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United States v. Mouscardy

United States District Court, D. Massachusetts

November 18, 2014

UNITED STATES OF AMERICA, Plaintiff-Respondent,
REGINALD MOUSCARDY, Defendant-Petitioner

For USA, Plaintiff: Kenneth G. Shine, United States Attorney's Office MA, Boston, MA; Michael J. Crowley, U.S. Attorney's Office - MA, Boston, MA

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Patti B. Saris, Chief United States District Judge.


Pro se petitioner, Reginald Mouscardy, brings this writ of habeas corpus pursuant to 28 U.S.C. § 2255, alleging primarily that he does not qualify for enhanced sentencing under the Armed Career Criminal Act (" ACCA" ), 18 U.S.C. § 924(e)(1), because his prior assault convictions were not violent felonies. He separately contends that those and other prior convictions were insufficient to support enhancement because he received concurrent sentences for each. Petitioner's request for relief (Docket No. 89) is DENIED.


The Court assumes familiarity with its previous Memorandum and Order in this case regarding the petitioner's motion to suppress evidence, see United States v. Mouscardy, No. 10-cr-10100, 2011 WL 2600550 (D. Mass. June 28, 2011), aff'd,

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United States v. Mouscardy, 722 F.3d 68, 70 (1st Cir. 2013), summarizing only those facts relevant to the petitioner's pending motion.

On July 26, 2011, a jury convicted Mouscardy of being a felon in possession of a firearm in violation of 18 U.S.C. § 922(g)(1). This Court then sentenced him to twenty years in prison as an armed career criminal. Mouscardy appealed, alleging, among other things, that the ACCA sentencing enhancement violated his Sixth Amendment rights because the predicate offenses on which this Court had relied were not categorically violent felonies.[1] Id. at 70. The First Circuit affirmed. Id. at 78. Mouscardy now asks that the guilty verdict and his sentence be vacated, claiming specifically that the Massachusetts crime of assault and battery with a dangerous weapon does not constitute a " violent felony" under 18 U.S.C. § 924(e)(2)(B), and that several of his convictions should not have served as ACCA predicates because they were given concurrent sentences. The First Circuit squarely resolved the former issue on appeal, and Mouscardy did not there raise the latter. Mouscardy's petition is therefore DENIED without hearing.[2]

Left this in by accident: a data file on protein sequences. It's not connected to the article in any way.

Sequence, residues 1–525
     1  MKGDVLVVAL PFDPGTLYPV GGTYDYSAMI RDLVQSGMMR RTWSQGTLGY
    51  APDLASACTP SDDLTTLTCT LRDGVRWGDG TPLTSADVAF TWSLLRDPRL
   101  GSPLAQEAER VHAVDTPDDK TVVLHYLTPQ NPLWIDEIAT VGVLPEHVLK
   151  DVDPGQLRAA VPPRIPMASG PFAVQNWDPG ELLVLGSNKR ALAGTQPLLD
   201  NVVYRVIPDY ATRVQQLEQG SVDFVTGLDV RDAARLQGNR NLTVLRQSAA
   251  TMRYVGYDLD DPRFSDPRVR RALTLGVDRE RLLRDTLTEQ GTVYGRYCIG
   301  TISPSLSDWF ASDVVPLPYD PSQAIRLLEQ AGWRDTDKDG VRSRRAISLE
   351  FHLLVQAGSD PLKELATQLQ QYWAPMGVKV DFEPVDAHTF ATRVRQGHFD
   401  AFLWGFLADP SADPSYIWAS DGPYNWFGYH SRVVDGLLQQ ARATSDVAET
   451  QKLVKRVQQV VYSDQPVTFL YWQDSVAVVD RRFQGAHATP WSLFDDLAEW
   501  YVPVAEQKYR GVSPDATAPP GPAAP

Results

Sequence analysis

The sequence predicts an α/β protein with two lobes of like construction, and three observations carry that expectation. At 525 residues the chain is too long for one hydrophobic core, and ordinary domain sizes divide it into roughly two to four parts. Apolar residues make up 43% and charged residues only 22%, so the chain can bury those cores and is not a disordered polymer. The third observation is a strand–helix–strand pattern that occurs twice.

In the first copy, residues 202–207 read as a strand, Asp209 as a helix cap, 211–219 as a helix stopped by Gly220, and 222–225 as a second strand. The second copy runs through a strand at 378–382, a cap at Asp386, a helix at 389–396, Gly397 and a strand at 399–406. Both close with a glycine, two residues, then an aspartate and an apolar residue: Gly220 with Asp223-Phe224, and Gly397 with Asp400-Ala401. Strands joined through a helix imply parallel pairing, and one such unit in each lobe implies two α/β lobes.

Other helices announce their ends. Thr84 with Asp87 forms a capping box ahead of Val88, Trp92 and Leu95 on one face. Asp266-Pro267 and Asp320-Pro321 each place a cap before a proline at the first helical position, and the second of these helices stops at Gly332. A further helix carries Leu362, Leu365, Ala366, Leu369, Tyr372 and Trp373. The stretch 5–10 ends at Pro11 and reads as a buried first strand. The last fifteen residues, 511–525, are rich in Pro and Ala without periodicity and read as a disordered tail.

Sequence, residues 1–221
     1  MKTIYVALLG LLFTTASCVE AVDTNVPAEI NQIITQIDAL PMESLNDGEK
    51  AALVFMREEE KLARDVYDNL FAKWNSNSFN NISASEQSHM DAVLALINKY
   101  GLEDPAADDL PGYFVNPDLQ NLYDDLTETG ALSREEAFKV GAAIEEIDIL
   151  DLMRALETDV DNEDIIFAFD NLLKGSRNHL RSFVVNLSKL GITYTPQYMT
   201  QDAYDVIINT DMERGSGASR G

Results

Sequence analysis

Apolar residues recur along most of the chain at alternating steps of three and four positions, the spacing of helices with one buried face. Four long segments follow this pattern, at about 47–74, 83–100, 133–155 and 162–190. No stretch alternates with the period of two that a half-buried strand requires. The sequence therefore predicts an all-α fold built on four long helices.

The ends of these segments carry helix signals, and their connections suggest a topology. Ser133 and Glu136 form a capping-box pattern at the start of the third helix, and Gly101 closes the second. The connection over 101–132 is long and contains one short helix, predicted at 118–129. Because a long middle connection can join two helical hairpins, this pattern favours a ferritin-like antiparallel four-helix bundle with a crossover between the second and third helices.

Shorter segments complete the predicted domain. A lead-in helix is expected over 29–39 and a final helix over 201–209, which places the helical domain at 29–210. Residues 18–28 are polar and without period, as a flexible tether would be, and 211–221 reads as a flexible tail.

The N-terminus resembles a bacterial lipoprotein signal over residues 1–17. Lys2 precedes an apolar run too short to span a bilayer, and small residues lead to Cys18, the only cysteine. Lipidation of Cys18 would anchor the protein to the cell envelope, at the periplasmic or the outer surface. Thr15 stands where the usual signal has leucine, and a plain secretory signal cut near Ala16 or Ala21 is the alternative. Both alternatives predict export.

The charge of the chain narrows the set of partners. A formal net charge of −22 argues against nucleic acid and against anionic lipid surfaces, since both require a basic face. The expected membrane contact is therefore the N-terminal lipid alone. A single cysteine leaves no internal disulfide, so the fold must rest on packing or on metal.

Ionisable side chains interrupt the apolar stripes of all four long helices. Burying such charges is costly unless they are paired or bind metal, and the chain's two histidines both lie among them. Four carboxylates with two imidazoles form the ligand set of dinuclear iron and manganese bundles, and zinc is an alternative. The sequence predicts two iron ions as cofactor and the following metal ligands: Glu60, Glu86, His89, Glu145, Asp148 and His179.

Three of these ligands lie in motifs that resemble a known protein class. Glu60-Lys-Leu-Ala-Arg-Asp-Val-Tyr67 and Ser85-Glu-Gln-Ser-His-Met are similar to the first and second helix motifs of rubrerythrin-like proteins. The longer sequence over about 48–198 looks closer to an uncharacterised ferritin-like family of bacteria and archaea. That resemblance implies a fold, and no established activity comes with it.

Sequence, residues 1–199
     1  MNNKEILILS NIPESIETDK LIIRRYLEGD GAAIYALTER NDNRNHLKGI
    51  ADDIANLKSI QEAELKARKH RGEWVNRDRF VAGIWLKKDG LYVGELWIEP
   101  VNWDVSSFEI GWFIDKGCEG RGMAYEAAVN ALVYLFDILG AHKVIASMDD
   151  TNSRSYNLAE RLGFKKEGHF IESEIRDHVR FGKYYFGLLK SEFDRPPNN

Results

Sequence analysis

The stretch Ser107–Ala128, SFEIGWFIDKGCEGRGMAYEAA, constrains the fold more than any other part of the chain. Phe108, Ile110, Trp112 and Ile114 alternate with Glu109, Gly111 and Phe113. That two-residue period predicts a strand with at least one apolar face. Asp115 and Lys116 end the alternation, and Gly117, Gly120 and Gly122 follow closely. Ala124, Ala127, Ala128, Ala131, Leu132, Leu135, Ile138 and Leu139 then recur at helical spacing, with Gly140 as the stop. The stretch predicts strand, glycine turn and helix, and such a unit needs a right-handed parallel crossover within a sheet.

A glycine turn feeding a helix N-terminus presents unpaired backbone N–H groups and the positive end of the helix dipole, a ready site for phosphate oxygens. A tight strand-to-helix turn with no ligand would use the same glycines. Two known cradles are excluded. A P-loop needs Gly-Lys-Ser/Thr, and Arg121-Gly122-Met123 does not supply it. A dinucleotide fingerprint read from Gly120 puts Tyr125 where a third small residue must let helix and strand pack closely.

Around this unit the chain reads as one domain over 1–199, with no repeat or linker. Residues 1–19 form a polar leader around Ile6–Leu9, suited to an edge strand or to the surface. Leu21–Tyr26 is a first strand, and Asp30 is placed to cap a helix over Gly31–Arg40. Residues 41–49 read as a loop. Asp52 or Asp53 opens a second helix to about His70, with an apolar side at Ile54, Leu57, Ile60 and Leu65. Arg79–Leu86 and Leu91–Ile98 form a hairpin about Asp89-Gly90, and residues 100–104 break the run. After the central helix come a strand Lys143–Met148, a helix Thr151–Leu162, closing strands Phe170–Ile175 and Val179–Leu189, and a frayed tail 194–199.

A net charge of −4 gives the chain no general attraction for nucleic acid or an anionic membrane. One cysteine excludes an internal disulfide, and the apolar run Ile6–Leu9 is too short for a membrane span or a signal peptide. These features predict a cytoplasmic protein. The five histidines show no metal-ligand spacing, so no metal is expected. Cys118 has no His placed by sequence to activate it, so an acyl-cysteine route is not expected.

A. Standard of Review

A prisoner may seek postconviction relief from his sentence if that sentence was imposed (1) in violation of the Constitution or laws of the United States or (2) by a court that lacked jurisdiction, or if that sentence (3) exceeded the statutory maximum or (4) is otherwise subject to collateral attack. 28 U.S.C. § 2255; see Damon v. United States, 731 F.3d 1, 4 (1st Cir. 2013). " Section 2255 is not a surrogate for a direct appeal," and a petitioner bears the burden of establishing that such relief is necessary. David v. United States, 134 F.3d 470, 474 (1st Cir. 1998).

B. Sentence enhancement under the ACCA

Mouscardy argues primarily that his sentence must be vacated because his prior convictions for assault and battery with a dangerous weapon (" ABDW" ), pursuant to G. L. c. 265, § 15A(b), did not constitute " violent felonies" under the ACCA. In support of this contention, Mouscardy points to United States v. Holloway, 630 F.3d 252, 262 (1st Cir. 2011), in which the First Circuit concluded that the Massachusetts crime of simple assault and battery does not constitute a violent felony. Id.

As the government correctly notes, Mouscardy made precisely this argument on appeal and did not prevail. In United States v. Hart, 674 F.3d 33, 44 (1st